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Hi, everyone! My name is Steve St. Clair and welcome back to Lingraphica radio. Today we have a special guest, Dr. Richard Steele, a Chief Scientist at Lingraphica. Welcome, Dr. Steele. How are you?
Very well. Thank you for having me here.
Well, you're obviously a very important person at Lingraphica. You're one of the chief thought leader also, Chief Scientist and chief thought leader, I think. You've been working with people with aphasia for over 30 years, haven't you?
And what I would like to talk about today is what all that work has led to and what you've seen happen over that 30-year period and where it has been and kind of where it's going, kind of a high level look at helping people with aphasia re-enter their communities through speech-generating devices and the kind of work in Lingraphica does. So, if you would tell us over about your personal history and how you first got interest in aphasia and, of course, Lingraphica.
Well, my own background is an eclectic one. My undergraduate work was in physics. I have an undergraduate degree from Stanford University in physics and then I went on to do my graduate work in Slavic languages in linguistics and those reflected areas of particular interest to me physics and the abstract modeling that allows people to make predictions from scientific hypotheses and theories that are advanced and then the work in Slavic languages in linguistics -- I've always had a great interest in languages, in communication, in cultures and for a period of approximately a dozen years, 12 years, I was teaching language and linguistics in colleges and universities. After that period of time, I decided that I really wanted to make a change in a way that would allow me to combine my areas of particular interest in a way that would be even more satisfying to me than working within the university and so I made a move out to California, which is where I grow up and also where I did my undergraduate work, and I started looking around for a position that would allow me to combine this interest in languages, this interest in cultures, this interest in individuals people, this in my interest in teaching and then helping people and also this interest in abstract modeling and I moved back to the Palo Alto area which is where I did my undergraduate work and I began meeting with colleagues and friends in networking and so on.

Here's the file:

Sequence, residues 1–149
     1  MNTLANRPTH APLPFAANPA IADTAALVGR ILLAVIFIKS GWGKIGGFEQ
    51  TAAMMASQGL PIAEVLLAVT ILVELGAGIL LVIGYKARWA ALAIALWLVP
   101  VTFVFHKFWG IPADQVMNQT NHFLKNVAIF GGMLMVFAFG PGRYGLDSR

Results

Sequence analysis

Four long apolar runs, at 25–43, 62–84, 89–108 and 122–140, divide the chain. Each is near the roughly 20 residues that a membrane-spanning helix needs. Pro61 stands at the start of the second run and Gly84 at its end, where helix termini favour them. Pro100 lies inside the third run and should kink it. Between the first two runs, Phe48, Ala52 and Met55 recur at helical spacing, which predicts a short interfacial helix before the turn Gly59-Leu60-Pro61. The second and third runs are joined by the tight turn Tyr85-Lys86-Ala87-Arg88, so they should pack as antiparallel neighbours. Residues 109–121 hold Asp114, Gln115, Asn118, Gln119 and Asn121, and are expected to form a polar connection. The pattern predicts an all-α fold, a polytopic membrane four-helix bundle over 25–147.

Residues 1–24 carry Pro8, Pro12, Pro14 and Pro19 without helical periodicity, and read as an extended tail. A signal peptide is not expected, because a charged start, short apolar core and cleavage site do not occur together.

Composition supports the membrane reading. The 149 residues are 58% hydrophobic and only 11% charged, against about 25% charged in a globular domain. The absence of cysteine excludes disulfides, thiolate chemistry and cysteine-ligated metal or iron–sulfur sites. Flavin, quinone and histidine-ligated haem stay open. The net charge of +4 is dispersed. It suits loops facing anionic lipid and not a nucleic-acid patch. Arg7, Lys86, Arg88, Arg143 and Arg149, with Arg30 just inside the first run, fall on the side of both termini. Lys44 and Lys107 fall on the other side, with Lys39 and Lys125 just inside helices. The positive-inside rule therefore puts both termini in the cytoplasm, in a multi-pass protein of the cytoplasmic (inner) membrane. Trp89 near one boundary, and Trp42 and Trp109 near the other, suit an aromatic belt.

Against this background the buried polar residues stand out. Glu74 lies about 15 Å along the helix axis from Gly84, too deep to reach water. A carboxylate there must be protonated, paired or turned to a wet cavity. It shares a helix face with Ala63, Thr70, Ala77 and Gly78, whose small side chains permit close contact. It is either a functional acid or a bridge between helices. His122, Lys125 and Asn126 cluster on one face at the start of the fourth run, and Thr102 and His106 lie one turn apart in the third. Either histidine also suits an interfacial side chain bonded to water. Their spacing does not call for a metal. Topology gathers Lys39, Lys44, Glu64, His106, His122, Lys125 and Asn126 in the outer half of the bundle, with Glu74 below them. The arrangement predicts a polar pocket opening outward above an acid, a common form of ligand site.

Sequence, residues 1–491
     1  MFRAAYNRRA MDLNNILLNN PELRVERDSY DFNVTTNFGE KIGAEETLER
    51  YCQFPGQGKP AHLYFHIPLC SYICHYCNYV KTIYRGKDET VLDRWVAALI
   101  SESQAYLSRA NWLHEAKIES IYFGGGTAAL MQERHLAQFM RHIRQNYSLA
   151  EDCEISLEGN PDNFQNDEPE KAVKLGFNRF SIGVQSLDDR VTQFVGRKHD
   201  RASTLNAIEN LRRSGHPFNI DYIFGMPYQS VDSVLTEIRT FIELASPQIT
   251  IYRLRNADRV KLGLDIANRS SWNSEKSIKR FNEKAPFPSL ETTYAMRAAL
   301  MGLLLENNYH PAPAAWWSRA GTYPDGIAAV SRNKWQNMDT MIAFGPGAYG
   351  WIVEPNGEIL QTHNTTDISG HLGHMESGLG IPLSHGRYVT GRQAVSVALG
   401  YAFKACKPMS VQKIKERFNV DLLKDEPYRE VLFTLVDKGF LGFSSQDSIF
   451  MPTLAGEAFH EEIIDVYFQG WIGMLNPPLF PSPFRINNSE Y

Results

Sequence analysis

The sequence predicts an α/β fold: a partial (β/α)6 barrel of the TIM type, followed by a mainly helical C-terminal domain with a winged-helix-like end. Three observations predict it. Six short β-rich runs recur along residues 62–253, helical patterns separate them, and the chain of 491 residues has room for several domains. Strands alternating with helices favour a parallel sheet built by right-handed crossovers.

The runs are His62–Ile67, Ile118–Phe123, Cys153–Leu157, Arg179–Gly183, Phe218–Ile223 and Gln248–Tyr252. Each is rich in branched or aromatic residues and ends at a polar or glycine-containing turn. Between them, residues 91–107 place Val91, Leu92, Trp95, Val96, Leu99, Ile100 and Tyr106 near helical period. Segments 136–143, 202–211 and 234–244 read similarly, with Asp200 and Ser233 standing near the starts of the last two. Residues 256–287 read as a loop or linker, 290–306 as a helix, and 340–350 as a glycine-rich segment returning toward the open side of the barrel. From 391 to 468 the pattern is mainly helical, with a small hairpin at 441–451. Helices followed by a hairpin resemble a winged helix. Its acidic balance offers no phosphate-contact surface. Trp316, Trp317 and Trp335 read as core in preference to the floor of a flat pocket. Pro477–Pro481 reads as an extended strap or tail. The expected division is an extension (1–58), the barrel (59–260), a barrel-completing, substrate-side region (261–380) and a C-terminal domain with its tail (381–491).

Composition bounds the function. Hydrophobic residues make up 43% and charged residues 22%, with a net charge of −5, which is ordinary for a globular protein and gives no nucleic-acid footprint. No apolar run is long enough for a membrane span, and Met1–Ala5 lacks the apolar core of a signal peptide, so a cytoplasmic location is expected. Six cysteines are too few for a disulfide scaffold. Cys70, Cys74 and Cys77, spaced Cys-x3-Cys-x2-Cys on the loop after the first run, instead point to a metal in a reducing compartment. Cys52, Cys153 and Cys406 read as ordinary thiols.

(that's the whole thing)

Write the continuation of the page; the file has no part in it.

And among the various places that I made contact with, I found a spot which was a particular interest to me, it was called the Rehabilitation Research and Development Center and it was a joint Stanford University and Veterans Administration Medical Center operation and this was kind of like a high level think tank and it was charged with looking for opportunities to use emerging technologies to improve rehabilitation and once I started talking with the people there, I thought, "Wow, this is really for me." I could see that I could combine my interest in technology, my interest in abstract modeling, my interest in helping people, my interest in language and so, and so I began working there and I did work on a number of different projects. I did zero and specifically on aphasia right at the very beginning, but they all involved technology, they all involved communication, they all involved language. And in presenting these various conferences talking and meeting with people, I became familiar with work which had been done in the previous decade during the 1970s at the Boston Aphasia Research Center which is situated within the Veterans Administration Medical Center in Boston, Massachusetts. And there were people there who had looked at improving rehabilitation approaches for people with aphasia using icons, but this was at a time before the Apple Macintosh was available, the time before really personal computers with graphic user interfaces as we know them were widely available.